Cathy Seidel, Chief, Consumer and Governmental Affairs Bureau, Federal Communications Commission: Working on consumer awareness. Emphasizing converter box scanning, attention to antenna. Showing up at church suppers, bingo nights, carnivals and amusement parks, anywhere they may find a crowd and catch some consumers in need of info. Will continue working coast to coast to assist left behinds.
Andrew Martin, Chief Information Officer, Federal Communications Commission: Call centers have used core pool of FCC based respondents. Workforce will be upped to 4K, trained to various levels. Under questioning from McDowell, would want more funding, maybe $10M, to increase staffing at call centers during hot days before and after transition. Resources need to come from Department of Congress. McGuire-Rivera says it has money that can go to FCC, but it’s been hanging on to it until coupon program is funded. Money has been requested. SecComm must make decision.
Julius Knapp, Chief, Office of Engineering and Technology, Federal Communications Commission: Consumers making good use of DTV mapping tool. Advising consumers and retailers to work together to address antenna questions. Emphasizes rescanning converter boxes.
Dr. Bernadette McGuire-Rivera, Associate Administrator, Office of Telecommunications and Information Applications, National Telecommunications and Information Administration: 58M coupons distributed, about 6.5M active out there right now. Pushing coupon donations at this point. Has been spending ad money mostly in ethnic demos. McGuire-Rivera says it has money that can go to FCC, but it’s been hanging on to it until coupon program is funded. Money has been requested. SecComm must make decision.
Panel 2: Industry and Consumer Group Reports on the Status of the DTV Transition and Prospects for June 12, 2009:
Jane Mago, Senior Vice President & General Counsel, National Association of Broadcasters: Educational effort has produced nearly 100% consumer awareness. 5/21 mini transition was useful learning experience. News, PSAs will continue.
Larry Sidman, President and CEO, Association of Public Television Stations: Reinvigorated oversight from FCC, Obama and Congress has made a big difference. Created a phased DTV conversion rather than a sudden nationwide flashcut. On-air education is working. Some viewers on the fringes are simply going to lose some channels they used to be able to get.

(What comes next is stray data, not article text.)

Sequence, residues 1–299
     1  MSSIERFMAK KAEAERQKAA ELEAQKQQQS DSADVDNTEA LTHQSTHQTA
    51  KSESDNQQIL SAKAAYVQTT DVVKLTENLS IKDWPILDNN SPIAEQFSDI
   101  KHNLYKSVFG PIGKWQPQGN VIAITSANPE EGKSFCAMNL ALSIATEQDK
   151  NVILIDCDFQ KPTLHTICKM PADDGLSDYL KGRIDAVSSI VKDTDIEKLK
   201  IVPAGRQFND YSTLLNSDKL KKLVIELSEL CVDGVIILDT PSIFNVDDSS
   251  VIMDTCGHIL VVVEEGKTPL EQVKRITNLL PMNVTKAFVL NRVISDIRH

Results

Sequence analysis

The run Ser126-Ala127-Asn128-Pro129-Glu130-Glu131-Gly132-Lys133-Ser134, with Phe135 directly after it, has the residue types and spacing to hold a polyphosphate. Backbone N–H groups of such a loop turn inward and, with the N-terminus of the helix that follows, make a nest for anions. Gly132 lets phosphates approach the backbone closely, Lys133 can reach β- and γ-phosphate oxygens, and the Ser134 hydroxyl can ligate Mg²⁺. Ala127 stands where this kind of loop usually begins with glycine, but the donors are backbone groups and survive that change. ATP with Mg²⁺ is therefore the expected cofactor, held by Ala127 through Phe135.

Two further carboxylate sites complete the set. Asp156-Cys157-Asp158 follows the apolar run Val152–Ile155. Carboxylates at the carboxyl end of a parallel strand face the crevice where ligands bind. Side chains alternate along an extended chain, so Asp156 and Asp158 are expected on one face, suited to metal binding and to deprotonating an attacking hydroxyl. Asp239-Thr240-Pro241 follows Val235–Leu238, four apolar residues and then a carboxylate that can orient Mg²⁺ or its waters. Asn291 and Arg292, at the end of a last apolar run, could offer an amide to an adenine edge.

David Donovan, President, MSTV: Coordinating with cable and satellite on tech issues. Thank both for their cooperation.
Kyle McSlarrow, President and CEO, National Cable & Telecommunications Association: Shifted emphasis almost entirely to consumer education at this point.
Joel Kelsey, Policy Analyst, Consumers Union: Worked hard for delay of original date. Copps, with only three months to pick up pieces of disorganized transition, has done a great job. Excellent job improving training of phone respondents. Walk-in centers have been great. Better signal coverage information has been great. 85% of CU’s off-air viewers (12% of its total readers) are ready to go. Need for and trouble with antennae is still a significant challenge. Says cable industry is still using transition to upsell consumers, and not coming forth readily with cheapest options. Some retailers have pledged to keep at least one $40 converter box on their shelves throughout the transition.
Christopher A. McLean, Executive Director, Consumer Electronics Retailers Coalition: Too soon for a victory lap, but a lot of hard work has gone into this. Thanks Copps for strong leadership. Converter box supply looks good, general state of readiness, and retailers concern about supply are more that they have too many, not that there aren’t enough.
Shawn DuBravac, Economist, Consumer Electronics Association: Looks like manufacturers and retailers will be able to meet demand for converter boxes and antennae. All signs point to a successful transition, with consumers generally taking necessary steps. Transition will be a historically significant and successful public/private partnership.
Erica Swanson, Deputy Director for Field Operations & Director, LCCREF DTV Assistance Campaign Leadership Conference on Civil Rights Education Fund: Glad that left behinds appear to be few, but is concerned they’ll be in vulnerable demos and will be working hard to bring everybody up to speed. Offering local, hands-on, culturally-appropriate help. Expects efforts will need to be strengthened and extended after 6/12/09. Could run into an extended backdoor problem as financial woes cause more people to cut off cable or satellite subscriptions.